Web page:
The "Retail Buyer's Order" also indicates that a $25.00 "Documentary Service Fee" was added to the price of the car. This charge was treated on the disclosure statement in the same fashion as the "tag, title and fees" charge. Instead of being separately itemized, it was merely included in the cash price of the car. Defendants again argue that this "fee" is imposed upon all buyers; since it, therefore, has no bearing upon the extension of credit, it need not be disclosed. This argument, however, fails to come to grips with the clear requirements of Regulation Z. Section 226.8(c) (4) states that in the case of a credit sale "all other charges, individually itemized which are included in the amount financed but which are not part of the finance charge" must be disclosed on the disclosure statement. The sale in question was a credit sale; the "Documentary Service Fee" was included in the amount financed and was not part of the finance charge. Thus, the failure to individually itemize this fee on the disclosure statement constitutes a violation of the Truth-in-Lending Act.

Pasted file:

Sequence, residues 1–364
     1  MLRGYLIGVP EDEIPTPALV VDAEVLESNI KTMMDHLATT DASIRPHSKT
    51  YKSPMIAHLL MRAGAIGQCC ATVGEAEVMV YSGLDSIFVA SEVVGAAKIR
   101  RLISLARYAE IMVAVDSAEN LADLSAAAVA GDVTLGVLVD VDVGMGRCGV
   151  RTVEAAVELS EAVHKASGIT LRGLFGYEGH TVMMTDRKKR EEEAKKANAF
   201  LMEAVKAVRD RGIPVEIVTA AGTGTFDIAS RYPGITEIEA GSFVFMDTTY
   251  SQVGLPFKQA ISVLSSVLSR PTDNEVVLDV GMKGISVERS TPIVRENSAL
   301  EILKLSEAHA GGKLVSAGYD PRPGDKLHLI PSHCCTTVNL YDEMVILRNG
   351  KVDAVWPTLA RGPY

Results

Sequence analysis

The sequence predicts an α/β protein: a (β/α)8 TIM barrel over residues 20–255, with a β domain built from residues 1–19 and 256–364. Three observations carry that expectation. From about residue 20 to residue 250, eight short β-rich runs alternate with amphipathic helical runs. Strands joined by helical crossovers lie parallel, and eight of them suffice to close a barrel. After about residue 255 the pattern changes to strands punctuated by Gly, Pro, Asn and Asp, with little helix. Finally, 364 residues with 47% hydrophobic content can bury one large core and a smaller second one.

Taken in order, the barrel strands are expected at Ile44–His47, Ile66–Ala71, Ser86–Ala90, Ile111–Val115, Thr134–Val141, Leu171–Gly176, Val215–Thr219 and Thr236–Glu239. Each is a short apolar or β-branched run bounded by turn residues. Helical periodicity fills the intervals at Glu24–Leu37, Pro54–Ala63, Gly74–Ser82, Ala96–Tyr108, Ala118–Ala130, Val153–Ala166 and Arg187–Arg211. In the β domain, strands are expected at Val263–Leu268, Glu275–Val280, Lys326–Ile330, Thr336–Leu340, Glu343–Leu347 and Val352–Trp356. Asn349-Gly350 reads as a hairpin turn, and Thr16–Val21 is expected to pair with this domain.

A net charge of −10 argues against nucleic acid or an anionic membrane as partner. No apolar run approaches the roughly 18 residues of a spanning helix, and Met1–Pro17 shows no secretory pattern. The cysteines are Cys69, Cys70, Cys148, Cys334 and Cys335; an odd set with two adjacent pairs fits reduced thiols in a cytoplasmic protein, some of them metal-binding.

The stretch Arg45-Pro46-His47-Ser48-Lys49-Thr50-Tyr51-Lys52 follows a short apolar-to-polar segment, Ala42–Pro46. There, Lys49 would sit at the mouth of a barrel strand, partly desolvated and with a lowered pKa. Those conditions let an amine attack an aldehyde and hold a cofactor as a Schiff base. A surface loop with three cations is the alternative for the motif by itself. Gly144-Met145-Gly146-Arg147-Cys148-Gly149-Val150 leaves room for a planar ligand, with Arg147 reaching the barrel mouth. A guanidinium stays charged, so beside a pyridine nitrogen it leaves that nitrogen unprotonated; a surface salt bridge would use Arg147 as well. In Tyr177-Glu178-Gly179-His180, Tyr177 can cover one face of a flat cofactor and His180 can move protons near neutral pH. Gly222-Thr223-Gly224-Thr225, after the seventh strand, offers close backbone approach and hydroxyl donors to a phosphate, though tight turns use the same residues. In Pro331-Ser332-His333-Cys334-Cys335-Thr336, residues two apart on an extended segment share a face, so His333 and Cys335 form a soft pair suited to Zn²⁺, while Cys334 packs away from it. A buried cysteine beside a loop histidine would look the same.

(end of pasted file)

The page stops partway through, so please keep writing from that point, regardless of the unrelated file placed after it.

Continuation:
According to the disclosure statement, the total amount of the finance charge was $791.16. The Vehicle Financing and Repurchase Plan required that Chrysler Credit put a certain percentage of that charge, amounting to $271.60, into a reserve account for Clearview when it purchased Meyers' note. Clearview's retention of that full amount according to the plan, is contingent upon a number of factors, including the ability of Chrysler Credit to collect fully on the note. Naturally, this contractual relationship provides Clearview with an incentive to allow Chrysler Credit to finance its car sales, and we do not quarrel with plaintiff's characterization of it as a kind of rebate or finder's fee. As such, Regulation Z required that it be separately described on the disclosure form. 12 C.F.R. 226.8(c) (8) (i) requires that "the total amount of the finance charge, with description of each amount included ..." must be disclosed. 12 C.F.R. 226.4(a) (3) further provides that a "Loan fee, points, finder's fee, or similar charge" be included in the calculation of the amount of the *726 finance charge. The defendant strenuously argues that the finance charge consisted solely of precomputed interest and that since the "rebate" was not a separate, additional charge adding to Meyers' financial burden, it cannot be characterized as a "finder's fee."